Keeping quail at home can give you a constant supply of eggs and meat. As an aspiring quail keeper, you may be wondering if quail smell. If you’re new to quail keeping, you may be surprised that your quail have a distinct smell and wonder if this is normal.
As a quail keeper, I had this question before starting, and I have found ways to keep the smell to a minimum.
Quail have a distinct smell due to the ammonia in their droppings, which can be pretty strong and disturbing. The scent can be managed by cleaning out their habitat regularly and by proper waste management.
Smell and noise are two of the most common questions that come up when one wants to raise quail. If you’re wondering if they are too noisy, read this post about everything to know about quail noise.Learn how to raise your own quail and have an unlimited supply of eggs and meat.
What makes quail smell?
If you ever pick up a quail and smell it, you won’t feel any distinct smell. Their skin and their feathers are entirely odorless.
However, when you approach a quail cage, you can often feel a distinct, unpleasant smell. This smell comes from their droppings, which contain a high ammonia concentration. It’s even higher than chicken droppings.
The more quail you keep, the more you can feel the smell. The truth is that quail poop a lot! I collect about 60-70lbs (25-35kg) of quail poop from my quail every two weeks.
If the droppings can dry out, they will be almost entirely odorless.
The wetter the quail poop, the more pungent the smell. Interestingly, baby quail poop smells worse than adult quail poop because it is usually runnier. Their poop gets less smelly as they grow up.
The good news is that quail poop dries relatively fast, and there are some tricks to make it dry even faster.
If quail droppings can’t dry, they remain smelly, and if dry droppings come in contact with water (spillage or rain), they will start to smell bad again.
I noticed that my quail are less likely to smell on dry days/weeks than wet ones. Some rain and a slight breeze can immediately cause the odor to spread. This can be very noticeable on warm, humid Summer days where I live.
It can be unpleasant depending on how far you keep your birds from your home.
Regular cleaning of the quail cage and waste management is essential to control the smell.
How to eliminate quail smell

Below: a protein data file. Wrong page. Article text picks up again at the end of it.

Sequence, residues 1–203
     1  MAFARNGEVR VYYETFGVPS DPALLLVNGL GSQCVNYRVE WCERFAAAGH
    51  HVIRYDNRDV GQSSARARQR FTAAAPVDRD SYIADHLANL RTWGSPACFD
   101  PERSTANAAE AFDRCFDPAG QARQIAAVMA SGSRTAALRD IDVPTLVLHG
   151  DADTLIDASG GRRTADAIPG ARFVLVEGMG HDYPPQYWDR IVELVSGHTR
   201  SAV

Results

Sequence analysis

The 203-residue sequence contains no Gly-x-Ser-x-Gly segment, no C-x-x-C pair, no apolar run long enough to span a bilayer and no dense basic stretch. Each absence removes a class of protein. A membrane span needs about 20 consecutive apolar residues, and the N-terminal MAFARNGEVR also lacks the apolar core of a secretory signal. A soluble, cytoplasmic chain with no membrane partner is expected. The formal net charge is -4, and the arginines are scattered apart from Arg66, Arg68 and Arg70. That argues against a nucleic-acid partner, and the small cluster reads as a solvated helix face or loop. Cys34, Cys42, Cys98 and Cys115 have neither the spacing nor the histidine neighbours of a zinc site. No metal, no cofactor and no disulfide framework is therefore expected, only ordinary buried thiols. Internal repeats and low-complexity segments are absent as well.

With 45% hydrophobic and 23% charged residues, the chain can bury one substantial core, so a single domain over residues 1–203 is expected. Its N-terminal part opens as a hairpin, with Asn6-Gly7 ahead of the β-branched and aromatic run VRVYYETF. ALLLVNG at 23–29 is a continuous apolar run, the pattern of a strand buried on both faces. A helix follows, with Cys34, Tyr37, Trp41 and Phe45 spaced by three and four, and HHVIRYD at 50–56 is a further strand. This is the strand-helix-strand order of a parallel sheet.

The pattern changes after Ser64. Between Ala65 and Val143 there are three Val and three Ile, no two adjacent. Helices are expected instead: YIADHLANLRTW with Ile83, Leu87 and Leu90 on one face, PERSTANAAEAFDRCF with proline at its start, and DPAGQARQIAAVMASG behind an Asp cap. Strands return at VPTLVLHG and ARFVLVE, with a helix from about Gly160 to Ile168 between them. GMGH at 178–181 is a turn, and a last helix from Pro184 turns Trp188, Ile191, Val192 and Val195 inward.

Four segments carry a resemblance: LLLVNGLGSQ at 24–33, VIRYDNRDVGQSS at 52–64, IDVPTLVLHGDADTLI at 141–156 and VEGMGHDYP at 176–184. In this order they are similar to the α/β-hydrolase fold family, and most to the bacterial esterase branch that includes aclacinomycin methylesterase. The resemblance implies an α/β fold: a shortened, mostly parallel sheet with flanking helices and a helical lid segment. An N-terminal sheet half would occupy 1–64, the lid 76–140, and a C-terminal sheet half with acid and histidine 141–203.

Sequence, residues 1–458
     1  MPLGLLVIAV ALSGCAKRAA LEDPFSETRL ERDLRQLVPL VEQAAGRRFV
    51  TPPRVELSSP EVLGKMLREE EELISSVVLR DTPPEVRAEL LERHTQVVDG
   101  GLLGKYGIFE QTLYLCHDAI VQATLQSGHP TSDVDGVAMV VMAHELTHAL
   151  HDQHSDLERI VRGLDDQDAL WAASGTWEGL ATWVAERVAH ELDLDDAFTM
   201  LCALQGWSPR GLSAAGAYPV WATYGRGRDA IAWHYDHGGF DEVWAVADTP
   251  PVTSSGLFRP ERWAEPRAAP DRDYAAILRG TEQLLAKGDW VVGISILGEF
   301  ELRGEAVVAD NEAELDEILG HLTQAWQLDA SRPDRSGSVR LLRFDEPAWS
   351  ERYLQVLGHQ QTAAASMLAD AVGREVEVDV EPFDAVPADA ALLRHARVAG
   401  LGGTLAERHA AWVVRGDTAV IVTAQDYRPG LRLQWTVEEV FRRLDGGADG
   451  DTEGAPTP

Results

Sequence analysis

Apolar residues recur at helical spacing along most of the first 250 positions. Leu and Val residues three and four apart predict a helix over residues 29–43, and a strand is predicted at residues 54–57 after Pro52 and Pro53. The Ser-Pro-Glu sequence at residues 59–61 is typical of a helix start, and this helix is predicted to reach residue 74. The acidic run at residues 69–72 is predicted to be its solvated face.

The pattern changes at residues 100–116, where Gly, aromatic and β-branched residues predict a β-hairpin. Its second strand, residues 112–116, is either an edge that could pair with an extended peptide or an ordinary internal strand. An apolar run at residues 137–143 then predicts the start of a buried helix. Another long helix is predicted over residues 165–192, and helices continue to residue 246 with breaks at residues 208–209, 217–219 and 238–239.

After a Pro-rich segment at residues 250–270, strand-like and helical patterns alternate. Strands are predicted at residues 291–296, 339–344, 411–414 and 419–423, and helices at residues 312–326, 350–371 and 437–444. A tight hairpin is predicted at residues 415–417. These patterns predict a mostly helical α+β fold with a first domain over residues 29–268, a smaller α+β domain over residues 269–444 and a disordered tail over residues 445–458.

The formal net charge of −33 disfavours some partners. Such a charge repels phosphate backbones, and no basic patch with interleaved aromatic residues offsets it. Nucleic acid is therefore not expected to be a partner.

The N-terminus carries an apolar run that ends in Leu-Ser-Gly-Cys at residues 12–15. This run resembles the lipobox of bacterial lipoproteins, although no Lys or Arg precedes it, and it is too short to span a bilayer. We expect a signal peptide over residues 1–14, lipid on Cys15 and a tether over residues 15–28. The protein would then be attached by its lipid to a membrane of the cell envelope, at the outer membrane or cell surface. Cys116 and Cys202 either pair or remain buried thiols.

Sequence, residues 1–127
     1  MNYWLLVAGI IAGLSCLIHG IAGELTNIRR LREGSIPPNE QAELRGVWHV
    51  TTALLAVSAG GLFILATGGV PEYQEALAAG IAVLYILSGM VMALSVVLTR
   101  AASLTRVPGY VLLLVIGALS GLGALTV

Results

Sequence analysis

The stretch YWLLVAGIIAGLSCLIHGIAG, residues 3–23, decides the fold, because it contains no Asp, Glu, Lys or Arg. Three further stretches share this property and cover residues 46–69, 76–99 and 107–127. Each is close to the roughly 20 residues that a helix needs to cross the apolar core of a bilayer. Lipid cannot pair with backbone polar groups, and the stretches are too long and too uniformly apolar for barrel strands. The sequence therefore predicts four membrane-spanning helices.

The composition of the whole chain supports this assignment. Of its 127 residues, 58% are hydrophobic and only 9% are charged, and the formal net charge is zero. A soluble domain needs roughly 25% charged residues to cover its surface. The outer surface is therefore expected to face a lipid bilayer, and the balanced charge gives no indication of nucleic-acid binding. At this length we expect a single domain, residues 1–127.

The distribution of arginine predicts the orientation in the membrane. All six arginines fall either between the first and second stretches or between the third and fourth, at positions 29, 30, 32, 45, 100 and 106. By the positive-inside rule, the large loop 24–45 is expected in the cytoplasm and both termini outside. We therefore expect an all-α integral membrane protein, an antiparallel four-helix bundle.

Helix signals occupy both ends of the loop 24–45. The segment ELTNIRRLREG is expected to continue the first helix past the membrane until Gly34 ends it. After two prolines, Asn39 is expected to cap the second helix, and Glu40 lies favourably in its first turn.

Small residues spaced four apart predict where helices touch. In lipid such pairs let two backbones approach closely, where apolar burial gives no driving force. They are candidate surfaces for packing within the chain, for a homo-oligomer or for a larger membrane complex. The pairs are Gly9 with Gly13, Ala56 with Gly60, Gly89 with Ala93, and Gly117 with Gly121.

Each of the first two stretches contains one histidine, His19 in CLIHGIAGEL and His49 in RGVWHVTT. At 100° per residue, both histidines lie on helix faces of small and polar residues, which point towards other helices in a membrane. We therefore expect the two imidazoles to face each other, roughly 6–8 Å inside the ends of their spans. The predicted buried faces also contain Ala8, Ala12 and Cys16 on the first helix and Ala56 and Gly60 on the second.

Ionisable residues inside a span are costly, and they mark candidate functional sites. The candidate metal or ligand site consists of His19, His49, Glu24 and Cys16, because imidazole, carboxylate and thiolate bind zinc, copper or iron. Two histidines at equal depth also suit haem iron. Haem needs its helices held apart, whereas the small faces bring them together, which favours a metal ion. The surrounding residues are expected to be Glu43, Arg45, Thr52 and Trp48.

Regular cleaning is essential to control the odor, especially if you keep your quail indoors.
If your quail have an enclosed area in an outdoor cage, this is also where smell can build up.
My quail have a dedicated sand pit in their cage, where they can go for a dust bath. This is also where they like laying eggs and retreating here if the weather is terrible.
Keeping the sand fresh, and removing poop from the sand regularly, is essential so the ammonia doesn’t build up. Since the birds kick out a lot of sand with their dust bath, you can feel there is a need to top it up after a few weeks.
Naturally, the more birds you keep in a given amount of space, the higher the concentration of droppings is going to be, and the more they will smell.
An aviary, where the birds can roam free and have a lot of space, is ideal for smell control, especially if you have a deep litter under the birds.
Quail kept indoors is safe from getting wet from rain, but quail kept outdoors are more exposed to the elements.
The more you can protect the cage and its surroundings from getting in contact with water, the more the droppings are kept dry, and the less your birds will smell.
If you have access to pine shavings, you can place a new layer of shavings in your quail cage every few days.
The shavings help wick the moisture from the droppings, and the upper layers also keep the smell of the lower ones down. An added benefit of this method is that composting starts while still in the cage.
This method is feasible with a small number of birds in a manageable size pen or in an aviary setting, where you can cover the entire floor in shavings.
The downside of deep litter is that it can get quite costly.
Wire bottom cage
A cage with a hardware cloth bottom allows the droppings to fall through the floor and into a tray or on the ground.
This is ideal for many quail keepers.
If you keep your birds indoors, you can pour a thin layer of pine shavings on the poop tray. It wicks away the moisture and thus controls the smell. You must still empty the tray every few days and not let too much poop build up.
If you keep your birds outdoors, you can let the droppings fall on the ground. If you have multiple floors, as I do, you can let the poop fall on the top of the lower levels and clean it with a brush regularly.
If your quail cage is far enough from your house, you can let the droppings compost under the cage, but if it’s close to your home, it’s best to move the waste to a dedicated compost bin.
Keep your water containers elevated off the ground so your quail don’t poop in it and don’t spill the water.
Poultry drinking cups work best for me because they only dispense water when the quail go to drink.
I always had problems with the droppings getting wet under the mason jar because a few drops fell on the poop every time the quail went to drink. This isn’t an issue with the cup.